It’s called the blender dance.
And while it isn’t likely to land you a spot on a TV talent show, it may help you get healthier: A happy, moving body absorbs nutrients better, explained Bethany Tait, a Naples holistic health and fitness coach and raw food educator, as part of her recent raw culinary class.
The class drew about 25 attendees of various raw food experience levels, including Robin Sass, a Bonita Springs resident who has been enjoying a primarily raw food diet for two years.
“It’s made me feel really more alert,” Sass said. “I feel healthier, I have more energy.” But, she conceded, it was rough at first.
Removing familiar and long-loved foods from her diet was difficult, especially since she didn’t really know how to make any meals. Then, she met Tait and found a few cookbooks — Sass especially praised “Raw Food Made Easy for 1 or 2 People” by Jennifer Cornbleet — and began to enjoy what was on her plate again.
Tait’s menu for the class included a palate-cleansing and detoxifying raw raspberry lemonade, a zucchini pasta Alfredo that used zucchini and squash in place of pasta noodles and a chocolate-avocado mousse that definitely tastes better than it sounds.
Tait encouraged attendees to forget whatever notions they may have previously held about raw food diets. Such diets are not about being food fanatics, she said, but instead about adding more healthy fruits, vegetables and whole foods back into a person’s diet.
As for the “raw” part, letting food remain in its uncooked state allows the body to process it more effectively, Tait explained.
“Heating actually destroys many vitamins and minerals and makes them less useful to our body,” Tait said.
As part of the class, Tait shared her story of raw food revelation. When she was a teenager, she was plagued with chronic fatigue. Physicians diagnosed her with a hormonal problem and later bipolar disorder. Medical treatments for those diagnoses failed, and Tait’s condition worsened.
On a good day, she said, she walked using a walker. On a bad day, she needed a wheelchair. Open sores covered her body. Her weight dropped to 97 pounds. “My life was coming to an end, and I dreamed of a day when I could ride my bike to the beach,” Tait recalled. That was before she turned to a raw food diet.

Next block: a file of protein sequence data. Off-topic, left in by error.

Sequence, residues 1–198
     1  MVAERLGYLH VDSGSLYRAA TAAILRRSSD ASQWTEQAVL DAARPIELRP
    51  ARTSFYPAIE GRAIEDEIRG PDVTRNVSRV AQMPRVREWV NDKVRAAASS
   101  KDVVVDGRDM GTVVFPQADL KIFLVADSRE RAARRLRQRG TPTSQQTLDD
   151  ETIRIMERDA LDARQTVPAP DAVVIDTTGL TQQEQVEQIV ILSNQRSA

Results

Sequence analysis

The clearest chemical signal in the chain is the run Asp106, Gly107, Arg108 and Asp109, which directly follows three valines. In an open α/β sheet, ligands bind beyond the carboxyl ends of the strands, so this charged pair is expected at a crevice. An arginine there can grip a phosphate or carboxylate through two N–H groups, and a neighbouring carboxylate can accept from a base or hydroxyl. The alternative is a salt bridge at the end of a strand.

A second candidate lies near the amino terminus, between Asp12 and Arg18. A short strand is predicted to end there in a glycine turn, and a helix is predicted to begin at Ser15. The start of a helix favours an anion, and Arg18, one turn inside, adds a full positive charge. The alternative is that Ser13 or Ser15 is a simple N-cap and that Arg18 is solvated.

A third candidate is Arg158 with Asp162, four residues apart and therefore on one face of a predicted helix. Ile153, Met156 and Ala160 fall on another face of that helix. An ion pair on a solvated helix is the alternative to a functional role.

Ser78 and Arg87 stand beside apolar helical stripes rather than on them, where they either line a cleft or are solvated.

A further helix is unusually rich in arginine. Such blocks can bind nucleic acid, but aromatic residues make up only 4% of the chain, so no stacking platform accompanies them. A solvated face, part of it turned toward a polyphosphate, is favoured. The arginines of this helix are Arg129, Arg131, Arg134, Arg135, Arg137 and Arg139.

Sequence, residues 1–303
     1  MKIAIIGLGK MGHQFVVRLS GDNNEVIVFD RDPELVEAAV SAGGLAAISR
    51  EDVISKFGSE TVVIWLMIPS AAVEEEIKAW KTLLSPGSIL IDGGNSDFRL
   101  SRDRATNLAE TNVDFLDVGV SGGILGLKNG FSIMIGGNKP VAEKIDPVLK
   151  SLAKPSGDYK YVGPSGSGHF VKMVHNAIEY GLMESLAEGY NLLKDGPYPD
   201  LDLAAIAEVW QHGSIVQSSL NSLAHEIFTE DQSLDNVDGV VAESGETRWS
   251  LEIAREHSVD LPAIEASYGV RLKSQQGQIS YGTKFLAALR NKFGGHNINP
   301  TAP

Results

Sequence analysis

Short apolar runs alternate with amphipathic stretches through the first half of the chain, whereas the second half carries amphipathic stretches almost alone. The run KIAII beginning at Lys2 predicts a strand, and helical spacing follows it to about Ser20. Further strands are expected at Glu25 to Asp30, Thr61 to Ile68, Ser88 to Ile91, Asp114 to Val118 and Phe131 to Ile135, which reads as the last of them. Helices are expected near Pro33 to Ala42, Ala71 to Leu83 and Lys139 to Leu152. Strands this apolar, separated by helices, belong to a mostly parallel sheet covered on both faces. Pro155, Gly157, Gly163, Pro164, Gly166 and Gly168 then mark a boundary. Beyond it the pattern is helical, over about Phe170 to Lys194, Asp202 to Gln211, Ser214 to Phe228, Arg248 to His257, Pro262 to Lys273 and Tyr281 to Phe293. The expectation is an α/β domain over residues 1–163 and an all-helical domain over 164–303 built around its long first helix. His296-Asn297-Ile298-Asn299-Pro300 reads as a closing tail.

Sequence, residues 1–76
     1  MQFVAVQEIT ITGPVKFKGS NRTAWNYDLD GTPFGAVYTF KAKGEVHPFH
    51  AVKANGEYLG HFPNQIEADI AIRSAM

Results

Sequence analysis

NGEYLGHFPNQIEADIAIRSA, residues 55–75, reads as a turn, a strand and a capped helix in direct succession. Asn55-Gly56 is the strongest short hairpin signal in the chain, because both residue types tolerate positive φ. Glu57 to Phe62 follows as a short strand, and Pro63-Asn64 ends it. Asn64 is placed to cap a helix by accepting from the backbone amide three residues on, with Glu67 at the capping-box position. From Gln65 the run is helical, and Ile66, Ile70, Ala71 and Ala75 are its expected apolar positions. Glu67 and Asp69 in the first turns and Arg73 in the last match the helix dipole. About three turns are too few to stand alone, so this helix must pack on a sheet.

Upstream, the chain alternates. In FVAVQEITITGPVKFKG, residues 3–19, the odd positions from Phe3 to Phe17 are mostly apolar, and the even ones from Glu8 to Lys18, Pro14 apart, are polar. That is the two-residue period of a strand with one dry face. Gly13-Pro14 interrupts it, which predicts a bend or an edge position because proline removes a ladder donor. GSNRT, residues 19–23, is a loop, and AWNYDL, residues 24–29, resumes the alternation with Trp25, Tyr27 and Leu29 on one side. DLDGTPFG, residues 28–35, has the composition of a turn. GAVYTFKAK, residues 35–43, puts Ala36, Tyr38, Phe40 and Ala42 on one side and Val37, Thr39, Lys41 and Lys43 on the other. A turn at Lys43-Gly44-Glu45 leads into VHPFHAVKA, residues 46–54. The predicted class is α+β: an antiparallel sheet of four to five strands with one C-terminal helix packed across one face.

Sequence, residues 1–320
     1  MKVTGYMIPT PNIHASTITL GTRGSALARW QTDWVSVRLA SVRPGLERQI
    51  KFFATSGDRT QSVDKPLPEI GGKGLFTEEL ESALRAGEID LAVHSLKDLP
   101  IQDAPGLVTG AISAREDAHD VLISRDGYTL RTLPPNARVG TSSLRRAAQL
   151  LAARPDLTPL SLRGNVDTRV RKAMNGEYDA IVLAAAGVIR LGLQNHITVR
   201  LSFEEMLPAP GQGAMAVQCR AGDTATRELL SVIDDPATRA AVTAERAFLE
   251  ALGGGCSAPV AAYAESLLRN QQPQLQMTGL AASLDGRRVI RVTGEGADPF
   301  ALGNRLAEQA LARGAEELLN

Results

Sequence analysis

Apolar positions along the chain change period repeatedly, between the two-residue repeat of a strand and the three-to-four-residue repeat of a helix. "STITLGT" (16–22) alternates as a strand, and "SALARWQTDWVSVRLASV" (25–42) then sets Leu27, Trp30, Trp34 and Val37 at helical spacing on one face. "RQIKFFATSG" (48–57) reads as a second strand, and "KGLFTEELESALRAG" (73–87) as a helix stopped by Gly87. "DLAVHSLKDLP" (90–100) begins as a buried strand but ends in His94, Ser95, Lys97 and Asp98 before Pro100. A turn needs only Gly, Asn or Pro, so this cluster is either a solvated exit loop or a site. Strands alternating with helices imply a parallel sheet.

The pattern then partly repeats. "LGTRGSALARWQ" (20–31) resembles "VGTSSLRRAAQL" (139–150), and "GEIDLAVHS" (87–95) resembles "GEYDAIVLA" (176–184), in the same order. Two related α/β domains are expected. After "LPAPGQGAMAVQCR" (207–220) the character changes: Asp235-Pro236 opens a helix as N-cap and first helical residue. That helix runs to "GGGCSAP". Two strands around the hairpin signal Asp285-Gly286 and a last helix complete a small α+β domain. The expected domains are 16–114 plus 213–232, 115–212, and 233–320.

Now in her 20s, Tait has been on the raw diet for eight years and has devoted her personal and professional life to the practice. She’s been teaching its virtues for five years. And she rides her bike to the beach several times a week, she added.
There are other advantages to a raw food diet, Tait declared: With a cookbook that includes so many fruits and vegetables, it’s not fatal to indulge a bit. She eats as much as she wants, yet she’s lean and toned. Plus, says, Tait, she has a particular passion for chocolate, and creations such as the chocolate avocado mousse don’t have to be reserved for after-dinner fare. “You can have dessert for breakfast,” she suggested.
To prepare a raw food diet, Tait suggested attendees commit to a high-powered blender, such as a Vitamix, and a food processor. These machines aren’t a must, but with the amount of blending and processing that’s involved in raw food, it’s likely that a less expensive version will need frequent replacing.
To prepare the zucchini pasta Alfredo — the class entrée — Tait suggested attendees use a mandolin to slice the recipe’s two zucchinis, one yellow squash and four button mushrooms. The “Alfredo” sauce is made with pumpkin seeds, garlic cloves, a date, lemon juice, basil, sea salt, water and nutritional yeast. The last ingredient is often used in raw food recipes to give the food a light cheese taste.
Tait added all the sauce ingredients into the food processor, pressed on and encouraged everyone to join her in the blender dance, which is best described as a sort of interpretative art.
Naples couple Brandon and Amy Roller attended the raw food class. Amy is on a vegetarian and vegan diet; raw food is often part of that. They approved of all of Tait’s recipes, Amy Roller said.
“I loved all three of them,” she said, adding that her husband had already suggested she make the raspberry lemonade for their late-night refreshment.
The preparation time did not seem especially demanding, either. Tait talked as she worked, and on class day, she forgot to bring her mandolin, requiring her to chop all the vegetables by hand. Still, from preparation to plating, only 10 minutes were required for the Alfredo.
“As far as the cooking goes, gosh, this was so easy,” Amy said.
Or, as the case may be, no cooking.